For those living with high blood pressure or other health conditions that require a reduced salt diet, traditional water softener salts just aren’t an option. Morton’s potassium chloride pellets offer an excellent option. This product is 99 percent sodium-free, ensuring it won’t affect the daily salt intake of residents in the home, and adds blood pressure-lowering potassium to the water.
As with salt-based softeners, Morton Potassium Chloride softens hard water, helping to prevent scaling on pipes or inside appliances while making soaps and detergents used in the home sudsier and more effective. Morton potassium chloride comes in 40-pound bags with a built-in handle that makes it convenient for carrying and pouring. To use, add a bag of potassium chloride pellets to the brine basin each month.
Rust Out Water Softener Cleaner is specially formulated to combat high iron content in water, eliminating the orange stains it can cause in faucets, bathtubs, toilets, and even clothing. Rust Out functions as an additive to existing water softener salt and can be mixed into the system, either by creating a solution and adding it to the brine well or by layering a half cup of it in the well between two 40-pound bags of softener salt.
Once added, Rust Out takes a few weeks to work into the water softener before it starts working. The result is clear water, as well as tubs, faucets, and sinks that no longer have to be scrubbed with rust removal cleaners. Rust Out comes in 22-ounce bottles, which is enough for five treatments.
The Advantages of Using Water Softener Salt
The benefits of using water softener salt, in conjunction with a water softener, are many.
- Healthier skin and hair: hard water can damage hair and dry out the skin. A water softener can prevent that damage by eliminating harmful impurities.
- Improves taste: Water softeners help to remove bad tastes created by iron, magnesium, fluoride, and other minerals and chemicals, making it safer and more palatable to drink.
- Improves the performance of hot water heaters and prevents clogging: Calcium can cause build-up that slowly clogs water supply pipes. Calcium does not conduct heat, so its presence in water forces a hot water heater to work harder to warm water, shortening the life of the water heater while raising utility costs. Water softening prevents these problems by eliminating calcium from the water.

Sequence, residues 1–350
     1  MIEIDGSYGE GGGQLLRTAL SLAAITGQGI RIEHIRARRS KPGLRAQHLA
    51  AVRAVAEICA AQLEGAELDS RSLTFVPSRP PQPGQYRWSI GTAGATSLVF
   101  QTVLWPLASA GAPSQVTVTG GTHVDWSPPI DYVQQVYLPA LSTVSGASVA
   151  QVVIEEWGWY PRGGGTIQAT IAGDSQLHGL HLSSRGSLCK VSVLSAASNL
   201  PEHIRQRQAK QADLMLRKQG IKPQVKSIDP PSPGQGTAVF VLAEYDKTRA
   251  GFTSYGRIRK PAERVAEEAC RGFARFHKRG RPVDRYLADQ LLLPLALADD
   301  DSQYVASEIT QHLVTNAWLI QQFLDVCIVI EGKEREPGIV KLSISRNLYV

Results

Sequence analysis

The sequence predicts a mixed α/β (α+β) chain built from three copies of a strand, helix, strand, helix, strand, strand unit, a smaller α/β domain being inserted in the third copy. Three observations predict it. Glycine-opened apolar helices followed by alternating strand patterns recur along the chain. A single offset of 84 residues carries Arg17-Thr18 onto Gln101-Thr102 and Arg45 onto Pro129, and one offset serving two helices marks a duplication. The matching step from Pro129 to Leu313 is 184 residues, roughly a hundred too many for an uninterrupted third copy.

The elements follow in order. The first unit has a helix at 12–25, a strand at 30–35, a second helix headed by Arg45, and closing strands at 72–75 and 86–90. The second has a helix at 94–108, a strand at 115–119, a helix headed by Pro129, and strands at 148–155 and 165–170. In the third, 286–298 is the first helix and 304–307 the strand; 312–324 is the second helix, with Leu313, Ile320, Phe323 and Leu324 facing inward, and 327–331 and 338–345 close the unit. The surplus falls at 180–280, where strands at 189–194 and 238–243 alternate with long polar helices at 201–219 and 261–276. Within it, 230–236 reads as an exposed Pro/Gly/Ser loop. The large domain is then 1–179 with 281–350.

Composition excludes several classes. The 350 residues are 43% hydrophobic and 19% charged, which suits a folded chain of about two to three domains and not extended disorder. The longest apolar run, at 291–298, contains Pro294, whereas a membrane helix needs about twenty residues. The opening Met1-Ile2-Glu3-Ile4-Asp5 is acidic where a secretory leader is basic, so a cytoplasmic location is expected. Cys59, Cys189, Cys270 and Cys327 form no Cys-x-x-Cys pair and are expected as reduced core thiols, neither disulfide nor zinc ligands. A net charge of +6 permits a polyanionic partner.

- Improves the performance of soap: Soap works better with soft water, allowing hand soaps and shampoos to work more effectively, and dishwashers and washing machines to do a better job of cleaning dishes and clothes.
FAQs About Water Softener Salt
If you’re wondering what’s in water softening salt or how it can be used for other purposes, then read on for answers to some of the most commonly asked questions about water softener salt.
Q. Does it matter what kind of salt I use in my water softener?
The type of salt you use in your water softener does make a difference. While all salts will soften hard water, pellet salts will do so more efficiently because they are purer. Salts that include rock and earth leave residue inside a water softener, requiring the user to clean it more often.
Q. Does softening salt contain chemicals?
Most softener salt is made from hydrogen chloride, which is very similar to table salt. Salt-free water softeners are made from potassium chloride.
Q. Can I use softening salt for other purposes?
Softening salt can also be effective for other purposes. It can be used for melting ice and snow from walks, killing weeds in a garden, pickling foods, or making ice cream, although it’s a good idea to ensure the product is food safe before using it around food.
Q. How often should I add salt to water softeners?
This depends on the size of a household. A water softener serving a four-person family requires three bags of salt every 2 months, whereas a water softener for a household will go through about two bags every 2 months.